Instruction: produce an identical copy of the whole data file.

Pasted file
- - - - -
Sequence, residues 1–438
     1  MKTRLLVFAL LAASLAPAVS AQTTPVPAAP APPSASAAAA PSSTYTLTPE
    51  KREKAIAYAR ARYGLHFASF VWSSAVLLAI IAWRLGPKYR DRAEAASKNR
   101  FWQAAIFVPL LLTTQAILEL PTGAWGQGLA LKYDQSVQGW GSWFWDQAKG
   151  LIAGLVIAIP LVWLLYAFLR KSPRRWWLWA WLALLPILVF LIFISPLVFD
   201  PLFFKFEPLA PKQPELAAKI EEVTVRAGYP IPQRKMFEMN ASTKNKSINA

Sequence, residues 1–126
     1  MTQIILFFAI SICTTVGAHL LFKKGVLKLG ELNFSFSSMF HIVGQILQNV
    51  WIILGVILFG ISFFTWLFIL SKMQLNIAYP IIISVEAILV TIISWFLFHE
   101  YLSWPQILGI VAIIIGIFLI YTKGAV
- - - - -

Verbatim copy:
Sequence, residues 1–438
     1  MKTRLLVFAL LAASLAPAVS AQTTPVPAAP APPSASAAAA PSSTYTLTPE
    51  KREKAIAYAR ARYGLHFASF VWSSAVLLAI IAWRLGPKYR DRAEAASKNR
   101  FWQAAIFVPL LLTTQAILEL PTGAWGQGLA LKYDQSVQGW GSWFWDQAKG
   151  LIAGLVIAIP LVWLLYAFLR KSPRRWWLWA WLALLPILVF LIFISPLVFD
   201  PLFFKFEPLA PKQPELAAKI EEVTVRAGYP IPQRKMFEMN ASTKNKSINA

Sequence, residues 1–126
     1  MTQIILFFAI SICTTVGAHL LFKKGVLKLG ELNFSFSSMF HIVGQILQNV
    51  WIILGVILFG ISFFTWLFIL SKMQLNIAYP IIISVEAILV TIISWFLFHE
   101  YLSWPQILGI VAIIIGIFLI YTKGAV